Archive for the ‘neuroscience’ category: Page 4

Apr 1, 2022

A human genome has finally, fully been decoded

Posted by in categories: biotech/medical, genetics, neuroscience

Further study of newly-sequenced portions of the genome could also help scientists better understand how humans evolved particular traits, such as the bigger brains that sent them down a genetically distinct path from their great ape ancestors.

“The things that make our frontal cortex bigger come from the genes that map in these repetitive regions,” said Evan Eichler, a professor in the department of genome sciences at the University of Washington School of Medicine and also part of the research collaborative.

Advances in genomic sequencing technology could drive a renaissance of medical breakthroughs, the researchers say.

Mar 31, 2022

CRISPR/Cas9-engineered Gad1 elimination in rats leads to complex behavioral changes: implications for schizophrenia

Posted by in categories: biotech/medical, genetics, neuroscience

GABAergic dysfunctions have been implicated in the pathogenesis of schizophrenia, especially the associated cognitive impairments. The GABA synthetic enzyme glutamate decarboxylase 67-kDa isoform (GAD67) encoded by the GAD1 gene is downregulated in the brains of patients with schizophrenia. Furthermore, a patient with schizophrenia harboring a homozygous mutation of GAD1 has recently been discovered. However, it remains unclear whether loss of function of GAD1 leads to the symptoms observed in schizophrenia, including cognitive impairment. One of the obstacles faced in experimental studies to address this issue is the perinatal lethality of Gad1 knockout (KO) mice, which precluded characterization at the adult stage. In the present study, we successfully generated Gad1 KO rats using CRISPR/Cas9 genome editing technology.

Mar 31, 2022

Behavioral Consequences of a Combination of Gad1 Haplodeficiency and Adolescent Exposure to an NMDA Receptor Antagonist in Long-Evans Rats

Posted by in categories: biotech/medical, existential risks, neuroscience

Glutamate decarboxylase 67-kDa isoform (GAD67), which is encoded by the GAD1 gene, is one of the key enzymes that produce GABA. The reduced expression of GAD67 has been linked to the pathophysiology of schizophrenia. Additionally, the excitatory glutamatergic system plays an important role in the development of this disorder. Animal model studies have revealed that chronic blockade of NMDA-type glutamate receptors can cause GABAergic dysfunction and long-lasting behavioral abnormalities. Based on these findings, we speculated that Gad1 haplodeficiency combined with chronic NMDA receptor blockade would lead to larger behavioral consequences relevant to schizophrenia in a rat model. In this study, we administered an NMDAR antagonist, MK-801 (0.2 mg/kg), to CRISPR/Cas9-generated Gad1+/− rats during adolescence to test this hypothesis. The MK-801 treated Gad1+/− rats showed a shorter duration in each rearing episode in the open field test than the saline-treated Gad1+/+ rats. In contrast, immobility in the forced swim test was increased and fear extinction was impaired in Gad1+/− rats irrespective of MK-801 treatment. Interestingly, the time spent in the center region of the elevated plus-maze was significantly affected only in the saline-treated Gad1+/− rats. Additionally, the MK-801-induced impairment of the social novelty preference was not observed in Gad1+/− rats. These results suggest that the synergistic and additive effects of Gad1 haplodeficiency and NMDA receptor blockade during adolescence on the pathogenesis of schizophrenia may be more limited than expected. Findings from this study also imply that these two factors mainly affect negative or affective symptoms, rather than positive symptoms.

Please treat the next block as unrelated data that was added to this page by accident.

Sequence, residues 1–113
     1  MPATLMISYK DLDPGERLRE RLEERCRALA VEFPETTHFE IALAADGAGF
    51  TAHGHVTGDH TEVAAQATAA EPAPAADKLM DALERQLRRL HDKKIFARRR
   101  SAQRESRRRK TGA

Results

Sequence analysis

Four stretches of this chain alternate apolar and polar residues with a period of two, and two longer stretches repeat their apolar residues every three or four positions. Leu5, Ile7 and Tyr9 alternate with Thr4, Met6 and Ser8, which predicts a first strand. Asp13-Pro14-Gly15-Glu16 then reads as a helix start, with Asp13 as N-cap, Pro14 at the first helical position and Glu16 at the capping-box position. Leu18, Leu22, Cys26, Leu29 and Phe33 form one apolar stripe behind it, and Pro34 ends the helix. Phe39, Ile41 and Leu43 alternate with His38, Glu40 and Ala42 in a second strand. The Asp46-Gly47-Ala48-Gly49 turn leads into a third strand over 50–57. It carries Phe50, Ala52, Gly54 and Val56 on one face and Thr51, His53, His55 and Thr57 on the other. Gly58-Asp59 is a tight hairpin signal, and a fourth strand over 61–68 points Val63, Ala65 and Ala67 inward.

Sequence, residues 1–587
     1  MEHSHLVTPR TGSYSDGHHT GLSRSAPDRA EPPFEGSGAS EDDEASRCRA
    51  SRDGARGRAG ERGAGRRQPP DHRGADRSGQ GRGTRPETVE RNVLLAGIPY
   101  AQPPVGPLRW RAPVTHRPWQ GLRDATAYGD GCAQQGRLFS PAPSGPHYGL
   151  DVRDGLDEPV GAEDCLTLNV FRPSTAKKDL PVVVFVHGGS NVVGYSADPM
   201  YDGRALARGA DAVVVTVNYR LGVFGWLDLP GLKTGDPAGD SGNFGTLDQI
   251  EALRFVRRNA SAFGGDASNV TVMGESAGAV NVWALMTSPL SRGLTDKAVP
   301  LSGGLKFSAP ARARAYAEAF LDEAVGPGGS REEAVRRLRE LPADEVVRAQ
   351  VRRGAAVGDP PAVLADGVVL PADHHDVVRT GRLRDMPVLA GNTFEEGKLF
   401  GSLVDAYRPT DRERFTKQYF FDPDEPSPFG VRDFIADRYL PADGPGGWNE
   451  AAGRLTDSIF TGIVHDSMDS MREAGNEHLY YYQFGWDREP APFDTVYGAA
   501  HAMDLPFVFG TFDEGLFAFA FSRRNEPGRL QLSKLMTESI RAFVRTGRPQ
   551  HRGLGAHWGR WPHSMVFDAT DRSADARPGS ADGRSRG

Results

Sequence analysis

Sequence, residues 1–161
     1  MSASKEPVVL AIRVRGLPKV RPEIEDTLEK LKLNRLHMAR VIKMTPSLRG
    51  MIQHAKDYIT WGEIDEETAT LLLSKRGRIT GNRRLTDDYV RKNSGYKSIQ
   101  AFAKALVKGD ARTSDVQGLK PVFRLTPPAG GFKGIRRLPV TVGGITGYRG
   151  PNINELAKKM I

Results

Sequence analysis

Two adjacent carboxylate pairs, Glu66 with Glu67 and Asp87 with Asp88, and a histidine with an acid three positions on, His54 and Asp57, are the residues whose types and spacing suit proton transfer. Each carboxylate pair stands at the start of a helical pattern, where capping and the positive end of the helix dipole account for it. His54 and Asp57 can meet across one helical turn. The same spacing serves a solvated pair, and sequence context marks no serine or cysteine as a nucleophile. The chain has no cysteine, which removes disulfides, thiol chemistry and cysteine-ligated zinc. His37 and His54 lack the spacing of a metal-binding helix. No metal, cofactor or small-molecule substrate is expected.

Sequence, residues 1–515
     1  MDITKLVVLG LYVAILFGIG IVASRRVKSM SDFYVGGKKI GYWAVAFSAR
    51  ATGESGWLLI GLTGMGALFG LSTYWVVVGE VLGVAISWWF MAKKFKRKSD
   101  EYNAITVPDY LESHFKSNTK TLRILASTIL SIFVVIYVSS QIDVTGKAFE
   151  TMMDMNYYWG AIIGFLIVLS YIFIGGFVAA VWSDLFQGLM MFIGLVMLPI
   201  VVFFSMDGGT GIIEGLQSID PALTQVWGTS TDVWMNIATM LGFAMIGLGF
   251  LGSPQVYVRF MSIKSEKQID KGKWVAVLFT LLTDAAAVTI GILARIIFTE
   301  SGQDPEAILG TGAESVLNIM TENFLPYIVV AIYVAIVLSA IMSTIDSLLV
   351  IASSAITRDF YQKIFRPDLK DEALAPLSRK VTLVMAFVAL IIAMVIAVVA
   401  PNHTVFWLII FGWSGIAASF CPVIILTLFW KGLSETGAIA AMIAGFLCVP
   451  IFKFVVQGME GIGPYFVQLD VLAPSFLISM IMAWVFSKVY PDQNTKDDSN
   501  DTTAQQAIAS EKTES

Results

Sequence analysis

γ-Aminobutyric acid (GABA) is a primary inhibitory neurotransmitter in the central nervous system (Obata, 2013). Post-mortem brain studies on schizophrenia have shown that GABAergic disturbances are part of the pathophysiology of the disorder (Lewis and Sweet, 2009). In particular, the expression level of the GABA-synthesizing enzyme glutamate decarboxylase 67-kDa isoform (GAD67) is lower in the cerebral cortex of patients with schizophrenia than in that of healthy subjects (Guidotti et al., 2000; Volk et al., 2000; Hashimoto et al., 2003; Hashimoto et al., 2008; Curley et al., 2011). GAD67 is encoded by the GAD1 gene, whose SNPs are also suggested to be risk factors for schizophrenia (Addington et al., 2005). We previously reported that Gad1−/− rats displayed some schizophrenia-relevant behaviors, including working memory, which is important for the functional outcome of schizophrenia (Fujihara et al., 2020a).

Mar 31, 2022

Scientists finally finish decoding entire human genome in major breakthrough: “We finally got it done”

Posted by in categories: biotech/medical, evolution, life extension, neuroscience

Scientists said this full picture of the genome will give humanity a greater understanding of our evolution and biology while also opening the door to medical discoveries in areas like aging, neurodegenerative conditions, cancer and heart disease.

“We’re just broadening our opportunities to understand human disease,” said Karen Miga, an author of one of the six studies published Thursday.

The research caps off decades of work. The first draft of the human genome was announced in a White House ceremony in 2000 by leaders of two competing entities: an international publicly funded project led by an agency of the U.S. National Institutes of Health and a private company, Maryland-based Celera Genomics.

Mar 30, 2022

The Potential of CRISPR/Cas9 Gene Editing as a Treatment Strategy for Alzheimer’s Disease

Posted by in categories: bioengineering, biotech/medical, health, neuroscience